I’m Wary of Kristof

When I first got into this whole caring-about-human-rights thing, I was directed to the writings of Nick Kristof. He’s the ubiquitous columnist for the Times that is always writing about the tragedy of violence in the under-developed world. You know, subjects like genocide and mass rape and child slavery. He’s been lauded by many as a reporter with a drive to raise awareness about injustice in the world. I used to read some of his work to learn more about the world’s tragedies, but now I peruse it occasionally out of anger.

Over time I’ve gradually distanced myself from Kristof and his writing as it has become more and more clear that his work doesn’t really achieve all that much. Recently, I read two particularly good pieces that explain how this is so (thanks to Aaron Bady and Tom Murphy for the links). Exhibit A is a lengthy but very well-written piece at The New Inquiry, “Nick Kristof’s Anti-Politics” – the whole thing is well worth a read. In it, the author analyses the living shit out of Kristof’s writing style, his subjects, and his imagery. What is revealed is a startling formula:

Kristof fabricates legible narratives out of snapshots of distant worlds. He then crafts stunningly simplistic solutions to the seemingly irrevocable problems that plague those backwards places. Kristof accomplishes this by using a standard and replicated formula: some mixture of (1) a construction of a bestial and demonic Other creating a spectacle of violence; (2) a rendering of the object of that horror—a depoliticized, abject victim, usually no more than a body; (3) a presentation of a (potential) salvific savior figure(typically the West writ large or a Western agent—some teleological process immanent in capitalism or development, the reader himself (who can act by donating money), and almost always Kristof himself as well); and (4) an introduction of potential linkages with larger systems and structures … only to immediately reterritorialize around the non-political solutions and the savior implementing them.

It’s a formula that attracts attention and a following, but doesn’t do enough to actually make a difference – at least not the type of difference it should make. Educating people about conflict is usually seen as the first step to galvanizing action, encouraging them to write a letter to their Senator or maybe inspire a business student to go into development. But for Kristof raising awareness isn’t the first step to anything – it’s the only step. He makes you aware and simultaneously makes that all that is needed. Now you know about the tragedy, but it’s been taken care of by other brave, ambitious souls and there are no more problems. Since the orphan now has a roof over his head in the refugee camp, he ostensibly will not be worried about deplorable living conditions or  the resumption of conflict or being marginalized in society. He’s safe now. But knowing about injustices only solves everything for the reader.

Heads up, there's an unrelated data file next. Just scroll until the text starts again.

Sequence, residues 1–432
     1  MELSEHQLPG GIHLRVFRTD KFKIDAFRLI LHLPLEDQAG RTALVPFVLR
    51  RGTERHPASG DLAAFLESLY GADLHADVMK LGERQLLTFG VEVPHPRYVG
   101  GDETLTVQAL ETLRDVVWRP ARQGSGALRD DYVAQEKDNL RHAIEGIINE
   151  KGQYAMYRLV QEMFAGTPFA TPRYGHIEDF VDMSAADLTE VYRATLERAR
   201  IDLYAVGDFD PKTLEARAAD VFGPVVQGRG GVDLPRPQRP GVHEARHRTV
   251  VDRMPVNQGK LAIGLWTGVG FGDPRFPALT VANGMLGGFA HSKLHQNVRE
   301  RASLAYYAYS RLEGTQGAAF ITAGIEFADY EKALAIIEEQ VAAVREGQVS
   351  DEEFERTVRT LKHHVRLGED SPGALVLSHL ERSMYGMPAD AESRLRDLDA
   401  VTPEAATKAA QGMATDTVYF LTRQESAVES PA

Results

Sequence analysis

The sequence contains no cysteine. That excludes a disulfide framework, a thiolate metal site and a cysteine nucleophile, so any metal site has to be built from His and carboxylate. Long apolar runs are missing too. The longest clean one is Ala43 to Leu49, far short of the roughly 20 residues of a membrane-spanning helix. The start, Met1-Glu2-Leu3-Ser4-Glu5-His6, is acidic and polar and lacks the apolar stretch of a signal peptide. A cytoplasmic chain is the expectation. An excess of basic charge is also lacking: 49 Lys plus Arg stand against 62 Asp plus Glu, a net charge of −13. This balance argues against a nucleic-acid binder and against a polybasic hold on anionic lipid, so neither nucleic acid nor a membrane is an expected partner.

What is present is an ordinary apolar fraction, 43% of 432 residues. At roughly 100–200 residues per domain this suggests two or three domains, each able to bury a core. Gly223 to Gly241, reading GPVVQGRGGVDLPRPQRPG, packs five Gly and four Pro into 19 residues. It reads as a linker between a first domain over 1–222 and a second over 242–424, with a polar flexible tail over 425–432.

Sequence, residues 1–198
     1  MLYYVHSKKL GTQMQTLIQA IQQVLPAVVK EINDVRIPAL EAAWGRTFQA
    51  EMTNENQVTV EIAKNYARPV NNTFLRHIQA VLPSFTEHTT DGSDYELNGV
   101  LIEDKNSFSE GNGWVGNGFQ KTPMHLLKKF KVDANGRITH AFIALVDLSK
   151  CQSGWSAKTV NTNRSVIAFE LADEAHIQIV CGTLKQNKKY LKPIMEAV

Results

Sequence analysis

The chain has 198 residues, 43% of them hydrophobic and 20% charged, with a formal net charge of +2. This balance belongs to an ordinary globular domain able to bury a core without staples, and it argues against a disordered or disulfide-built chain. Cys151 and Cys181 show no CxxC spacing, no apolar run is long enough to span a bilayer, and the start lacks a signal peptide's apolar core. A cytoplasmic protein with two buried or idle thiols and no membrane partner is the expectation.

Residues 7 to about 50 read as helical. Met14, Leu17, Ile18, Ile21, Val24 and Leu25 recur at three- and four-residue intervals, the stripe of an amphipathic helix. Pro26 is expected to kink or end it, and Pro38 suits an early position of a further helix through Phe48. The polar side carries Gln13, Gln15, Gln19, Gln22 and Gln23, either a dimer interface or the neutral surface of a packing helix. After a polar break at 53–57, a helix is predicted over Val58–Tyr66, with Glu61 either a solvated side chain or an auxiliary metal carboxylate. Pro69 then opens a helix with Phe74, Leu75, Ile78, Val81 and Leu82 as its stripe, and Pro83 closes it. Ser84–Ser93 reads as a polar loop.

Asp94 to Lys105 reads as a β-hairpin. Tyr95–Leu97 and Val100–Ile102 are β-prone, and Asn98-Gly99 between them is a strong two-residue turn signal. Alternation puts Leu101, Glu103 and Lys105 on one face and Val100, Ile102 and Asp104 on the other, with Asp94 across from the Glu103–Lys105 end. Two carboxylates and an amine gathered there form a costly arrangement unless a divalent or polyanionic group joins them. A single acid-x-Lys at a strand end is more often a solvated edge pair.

Merely knowing about (parts of) it rather than doing something about it signifies the critical orientation toward the phenomenon. And as a result, Kristof’s attempts to shock the conscience serve, perversely, to push out the frontier of what no longer offends or alarms.

Kristof educates you enough to say that you are aware, but stops short of you wanting to do anything. In a different way, taking a line from this Esquire piece on Jon Stewart – he “shows you how to give a shit without having to do anything about it.” But that’s just part of it. In addition to this type of writing, Kristof also engages in all some shady behavior. He includes the names and photos of rape victims, a general journalism (and humanity) no-no, citing that it’s acceptable because they probably aren’t affected by his reporting. Even if that were true it is still a shame that he doesn’t think that these people’s privacy is worth protecting. He is also proud of the fact that he has bought slaves in order to free them, which is controversial because he has effectively funded the slavery system. And on top of all that, we have this take-down at whydev.org which critiques these two Kristof excerpts:

“This new research addresses an uncomfortable truth: Poverty is difficult to overcome partly because of self-destructive behaviors. Children from poor homes often shine, but others may skip school, abuse narcotics, break the law, and have trouble settling down in a marriage and a job. Then their children may replicate this pattern”.

Besides questions around the differences between correlation and causation, a theme and assertion emerging from Kristof’s writing seems to be this: that ‘poor families’ simply do not love each other as much as non-poor. Whether this is a conscious assertion or not, I do not know. But, it seems to be quite visible. In a 2010 New York Times Op-ed on global poverty, he states

“that if the poorest families spent as much money educating their children as they do on wine, cigarettes and prostitutes, their children’s prospects would be transformed. Much suffering is caused not only by low incomes, but also by shortsighted private spending decisions by heads of households”.

Besides being an extremely broad and patronising generalisation, it is dismissive and unaware of the structural, geographical and local factors that can affect a family’s income, its allocation and access to education.